The A.I. is a bit stupid, but that can be rectified by going online. If you've enjoyed a good game of hockey over Xbox Live at any point over the last four years or so, it's a nice return home. At this point, most of the online community is uncommonly skilled, so be sure you've gotten your practice in before getting thrashed on the ice.


For the last fifteen years or so, I've found the sports genre completely impenetrable. Of course, at this point, I'm simply realizing that they were not made with gamers like me in mind. For me, micromanagement and tactics are best left to actual strategy games. If it's a physical sport, I want to get right into the thick of it and cut everything completely out of the picture. So many sports games have piled on the features, hoping to capitalize on the fantasy craze. NHL 14 certainly gives you the option to partake in some of the less exciting stuff, but it doesn't place them front and center.

On the ice, the game is only as difficult as you make it. When you first boot up the game, it will ask you a few questions about your playstyle and skill. From there, the game will make a judgment on what kinds of settings you might be most comfortable with. These can be changed after the fact, of course. The established difficulty levels cover the two extremes and fill in the middle nicely. Rookie essentially sets you up against a series of bowling pins on skates and gives your opponent's goalie Attention Deficit Disorder. And on the other side...well, you remember the ending of the South Park episode titled "Stanley's Cup?"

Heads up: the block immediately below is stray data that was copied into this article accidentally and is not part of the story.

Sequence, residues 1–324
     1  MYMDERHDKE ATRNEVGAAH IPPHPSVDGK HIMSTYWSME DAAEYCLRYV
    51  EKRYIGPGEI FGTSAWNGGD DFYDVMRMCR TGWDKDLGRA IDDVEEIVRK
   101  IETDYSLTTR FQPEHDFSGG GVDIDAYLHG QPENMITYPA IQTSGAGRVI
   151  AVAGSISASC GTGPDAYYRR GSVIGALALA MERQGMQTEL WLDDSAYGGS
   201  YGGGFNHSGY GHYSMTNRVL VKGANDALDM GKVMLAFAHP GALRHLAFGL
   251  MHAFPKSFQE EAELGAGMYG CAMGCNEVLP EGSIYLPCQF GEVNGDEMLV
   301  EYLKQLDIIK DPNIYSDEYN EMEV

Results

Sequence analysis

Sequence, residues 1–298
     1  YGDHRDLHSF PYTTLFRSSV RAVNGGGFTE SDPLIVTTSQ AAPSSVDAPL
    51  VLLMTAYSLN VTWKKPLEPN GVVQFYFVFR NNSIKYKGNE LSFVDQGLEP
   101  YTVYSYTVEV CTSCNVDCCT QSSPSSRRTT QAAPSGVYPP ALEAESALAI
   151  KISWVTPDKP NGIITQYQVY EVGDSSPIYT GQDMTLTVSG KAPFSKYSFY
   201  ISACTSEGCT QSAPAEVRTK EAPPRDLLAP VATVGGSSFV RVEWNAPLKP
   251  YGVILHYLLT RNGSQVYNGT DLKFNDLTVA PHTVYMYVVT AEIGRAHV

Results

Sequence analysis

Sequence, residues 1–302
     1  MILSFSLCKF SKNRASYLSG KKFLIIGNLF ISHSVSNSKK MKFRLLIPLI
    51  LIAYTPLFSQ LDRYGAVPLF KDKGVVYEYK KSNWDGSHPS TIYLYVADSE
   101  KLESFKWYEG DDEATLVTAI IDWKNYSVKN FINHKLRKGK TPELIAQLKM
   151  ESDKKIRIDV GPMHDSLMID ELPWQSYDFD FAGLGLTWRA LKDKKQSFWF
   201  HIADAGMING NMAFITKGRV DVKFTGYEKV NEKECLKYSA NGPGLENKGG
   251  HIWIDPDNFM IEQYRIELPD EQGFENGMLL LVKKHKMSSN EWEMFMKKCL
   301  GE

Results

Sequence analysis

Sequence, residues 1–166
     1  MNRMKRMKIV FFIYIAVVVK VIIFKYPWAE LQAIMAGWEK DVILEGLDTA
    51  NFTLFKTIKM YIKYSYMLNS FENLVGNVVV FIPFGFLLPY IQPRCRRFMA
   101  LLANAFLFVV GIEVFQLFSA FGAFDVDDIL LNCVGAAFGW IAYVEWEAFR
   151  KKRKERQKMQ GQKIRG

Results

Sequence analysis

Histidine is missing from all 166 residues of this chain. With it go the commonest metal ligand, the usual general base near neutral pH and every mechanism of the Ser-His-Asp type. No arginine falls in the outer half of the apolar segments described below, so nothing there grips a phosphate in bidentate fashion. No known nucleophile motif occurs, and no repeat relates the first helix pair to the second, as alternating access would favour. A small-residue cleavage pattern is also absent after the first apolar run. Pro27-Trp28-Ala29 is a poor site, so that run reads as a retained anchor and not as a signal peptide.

Game Mechanics:

Above all, NHL 14 is about choice. If you prefer the dual stick control scheme that boosted the franchise into sports simulation nirvana, you can use it. All of the tricky dekes and total stick control are still available. If you yearn for a simpler time, when you could count the number of inputs on a single hand, you can adopt the retro controls. This makes the game considerably more accessible, and might even act as an entry point for players to learn the more complex nuances of the newer systems.

Let's talk about violence. In past NHL games, most turnovers were generally the result of intercepted passes and poke checks. You know, like in actual hockey. NHL 14 lets you become a psychopath on the ice, a real Happy Gilmore (you know, without the whole "stabbing people with skates" thing). If you've got the momentum and the right angle of attack, you will take someone down. Of course, this kind of playstyle invites trouble; if you lay out an important player or take a shot after the whistle, someone else will probably drop his gloves and come after you.

Is NHL 14 worth buying? To raging trolls like myself, yes. The retooled collision engine is rife with potential for carnage that never, ever gets old. If you're a hardcore simulation kind of gamer, you'll likely be turned off by some of it. What can't be denied is that NHL 14 looks, sounds, and plays well. And it honors its legendary heritage.

-FenixDown, GameVortex Communications
AKA Jon Carlos